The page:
Probably all little kids have thought about how fun it would be to hide out at school after the lights are turned off, the doors locked.
How much fun would school be then?
To be able to touch the fancy equipment? Play with the art stuff? Run in the halls?
It was this very kind of excited energy pulsating through the halls at last week’s Black & Gold Academy at Boyle County High School that made the learning going on there look like anything other than “schooling.”
Assistant Superintendent David Young is plugged into that energy and likely brought some of it with him two years ago from his position as principal of Junction City Elementary School.
Kids call out to him as he walks the halls, and he seems to know the names of them all. It becomes clear that he is not a back-office administrator but rather part of the program he has helped put together.
“This is our first year. We — several of us — started planning probably eight months ago, and it has been pretty much all of us,” he said. “Leadership, central office, administration, principals, teachers. We had a lot of input from parents who are looking for more enrichment programs for their kids.”
Young said the “hands-on” intensive learning is heavy on science and technology but also offers kids in grades K-8 a chance to dabble in the arts — possibly in the same day.
More than 30 classes were offered. Any child was welcome, Young said, but the classes filled up fast with Boyle County kids, including those bused in from Junction City and Perryville. Each child had morning and afternoon programs.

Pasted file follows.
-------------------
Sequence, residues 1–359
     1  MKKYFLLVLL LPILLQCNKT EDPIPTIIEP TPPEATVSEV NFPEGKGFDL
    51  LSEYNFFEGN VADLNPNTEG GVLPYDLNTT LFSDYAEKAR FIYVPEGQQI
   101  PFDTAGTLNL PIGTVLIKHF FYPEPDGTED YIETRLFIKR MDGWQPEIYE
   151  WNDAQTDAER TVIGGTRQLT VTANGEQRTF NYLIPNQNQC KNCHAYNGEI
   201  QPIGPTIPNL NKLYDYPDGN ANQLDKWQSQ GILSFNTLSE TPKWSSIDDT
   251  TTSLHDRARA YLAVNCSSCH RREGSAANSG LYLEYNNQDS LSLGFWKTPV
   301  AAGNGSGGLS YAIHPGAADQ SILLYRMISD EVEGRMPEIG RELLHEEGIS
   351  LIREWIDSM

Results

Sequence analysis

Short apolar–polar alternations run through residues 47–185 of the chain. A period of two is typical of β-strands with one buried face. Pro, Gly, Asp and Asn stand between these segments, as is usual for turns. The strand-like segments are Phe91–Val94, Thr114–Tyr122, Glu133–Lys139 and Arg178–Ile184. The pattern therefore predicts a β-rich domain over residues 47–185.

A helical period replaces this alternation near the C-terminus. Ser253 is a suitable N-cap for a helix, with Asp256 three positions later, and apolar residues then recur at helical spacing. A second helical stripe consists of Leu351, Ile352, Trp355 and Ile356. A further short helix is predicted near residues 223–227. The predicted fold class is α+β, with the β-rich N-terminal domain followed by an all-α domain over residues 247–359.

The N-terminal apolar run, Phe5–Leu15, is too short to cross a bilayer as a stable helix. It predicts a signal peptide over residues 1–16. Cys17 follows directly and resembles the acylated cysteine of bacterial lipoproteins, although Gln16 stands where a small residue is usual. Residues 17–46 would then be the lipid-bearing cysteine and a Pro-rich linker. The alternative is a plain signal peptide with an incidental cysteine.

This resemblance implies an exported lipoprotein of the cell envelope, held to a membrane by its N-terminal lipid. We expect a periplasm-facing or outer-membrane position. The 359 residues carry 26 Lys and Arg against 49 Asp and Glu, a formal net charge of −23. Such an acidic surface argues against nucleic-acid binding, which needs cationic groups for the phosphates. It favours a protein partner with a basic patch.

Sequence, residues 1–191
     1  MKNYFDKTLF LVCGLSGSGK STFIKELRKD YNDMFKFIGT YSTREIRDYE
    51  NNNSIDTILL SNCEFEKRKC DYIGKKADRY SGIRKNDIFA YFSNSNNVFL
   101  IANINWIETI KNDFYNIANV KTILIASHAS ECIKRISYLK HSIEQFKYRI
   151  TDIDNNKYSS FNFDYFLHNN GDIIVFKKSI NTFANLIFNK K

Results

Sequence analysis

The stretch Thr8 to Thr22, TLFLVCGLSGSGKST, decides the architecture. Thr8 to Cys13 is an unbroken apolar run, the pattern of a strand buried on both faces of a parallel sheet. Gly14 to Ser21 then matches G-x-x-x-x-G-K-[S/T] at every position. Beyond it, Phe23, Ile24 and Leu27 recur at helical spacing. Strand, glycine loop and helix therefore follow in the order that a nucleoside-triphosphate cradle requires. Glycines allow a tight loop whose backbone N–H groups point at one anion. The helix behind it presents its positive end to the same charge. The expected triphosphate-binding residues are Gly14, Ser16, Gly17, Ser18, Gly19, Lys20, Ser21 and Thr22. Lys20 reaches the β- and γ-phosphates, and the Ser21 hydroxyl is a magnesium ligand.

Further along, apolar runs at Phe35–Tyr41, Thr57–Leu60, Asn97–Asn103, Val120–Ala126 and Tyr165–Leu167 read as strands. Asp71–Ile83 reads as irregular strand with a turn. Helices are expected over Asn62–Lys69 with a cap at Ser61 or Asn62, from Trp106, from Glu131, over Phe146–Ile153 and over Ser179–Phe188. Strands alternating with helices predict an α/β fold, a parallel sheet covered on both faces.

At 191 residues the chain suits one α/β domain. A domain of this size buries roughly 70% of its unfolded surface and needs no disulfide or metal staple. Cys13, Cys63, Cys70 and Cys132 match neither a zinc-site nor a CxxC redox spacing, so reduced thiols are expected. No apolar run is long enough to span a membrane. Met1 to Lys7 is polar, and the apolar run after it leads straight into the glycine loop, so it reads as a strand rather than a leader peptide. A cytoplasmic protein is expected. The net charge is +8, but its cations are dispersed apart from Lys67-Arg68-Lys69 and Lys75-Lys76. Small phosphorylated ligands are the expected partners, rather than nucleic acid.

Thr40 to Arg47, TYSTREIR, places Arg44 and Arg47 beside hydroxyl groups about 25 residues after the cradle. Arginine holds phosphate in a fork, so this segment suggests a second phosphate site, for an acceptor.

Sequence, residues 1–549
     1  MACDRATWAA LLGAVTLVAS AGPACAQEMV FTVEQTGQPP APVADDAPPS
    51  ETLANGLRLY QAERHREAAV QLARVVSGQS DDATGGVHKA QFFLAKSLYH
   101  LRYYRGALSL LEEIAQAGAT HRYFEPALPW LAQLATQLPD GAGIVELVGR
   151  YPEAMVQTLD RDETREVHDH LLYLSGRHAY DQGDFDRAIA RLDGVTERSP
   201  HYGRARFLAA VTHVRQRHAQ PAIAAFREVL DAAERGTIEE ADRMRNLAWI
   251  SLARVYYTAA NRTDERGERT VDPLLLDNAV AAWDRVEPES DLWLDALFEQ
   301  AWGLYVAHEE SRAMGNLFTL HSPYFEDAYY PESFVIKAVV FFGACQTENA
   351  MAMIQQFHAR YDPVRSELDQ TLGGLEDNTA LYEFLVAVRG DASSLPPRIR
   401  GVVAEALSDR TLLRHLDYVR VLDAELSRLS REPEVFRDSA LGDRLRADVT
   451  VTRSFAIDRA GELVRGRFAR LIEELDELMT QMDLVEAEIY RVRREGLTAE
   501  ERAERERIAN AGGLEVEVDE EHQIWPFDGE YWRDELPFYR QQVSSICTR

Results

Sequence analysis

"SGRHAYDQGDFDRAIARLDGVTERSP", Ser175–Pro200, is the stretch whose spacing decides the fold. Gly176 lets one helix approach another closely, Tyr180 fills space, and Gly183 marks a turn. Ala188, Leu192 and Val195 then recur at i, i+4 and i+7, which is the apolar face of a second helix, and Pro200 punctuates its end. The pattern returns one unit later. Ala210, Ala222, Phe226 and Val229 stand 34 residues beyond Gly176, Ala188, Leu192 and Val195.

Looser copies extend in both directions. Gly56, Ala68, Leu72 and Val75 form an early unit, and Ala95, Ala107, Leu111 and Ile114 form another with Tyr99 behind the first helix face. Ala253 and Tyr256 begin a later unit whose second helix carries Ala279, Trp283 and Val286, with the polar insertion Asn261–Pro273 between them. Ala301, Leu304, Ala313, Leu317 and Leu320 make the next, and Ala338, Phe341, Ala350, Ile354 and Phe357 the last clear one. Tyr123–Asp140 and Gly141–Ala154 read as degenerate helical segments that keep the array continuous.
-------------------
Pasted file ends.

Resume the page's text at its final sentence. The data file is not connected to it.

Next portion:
The program was free to the students. Thanks to a federal program that covered those costs, even the included breakfast and lunch was free. Some teachers received a stipend, but many classes were taught by volunteers.
“We may have to consider expanding to add a week next year,” Young said.
The initial course ideas were floated months ago and, while good, Young was astounded by the ideas that ended up on the curriculum.
“These are the kinds of things they have always wanted to teach so it is putting the fun back into teaching for teachers, too,” he said.
One of the offerings may well find its way into the class schedule at Bluegrass Community and Technical College in the fall — especially after the eighth- and ninth-graders who participated take their class projects to the streets.
It was hard to tell who had more fun at the only off-site class on the list, “Kids that Rip!”
Was it the student who had to literally be pushed out of the building on the first day of class or the instructors, Mark Welch and Russell Chaney who volunteered to teach about a dozen boys and girls how to design and build skateboards, using the top-grade machines at BCTC?
Tables were lined with hardware such as “trucks” and wheels and layered, curved template boards in which each student drilled holes to attach the hardware. The student then shaped the boards and sanded the edges smooth before applying signature colors all along the edge.
“There really is no precise plan in place,” Chaney said.
“We are just doing this as it comes, on the fly,” Welch said.
Non-skid for the top is normally laid like formica on a kitchen floor. Here, not so much.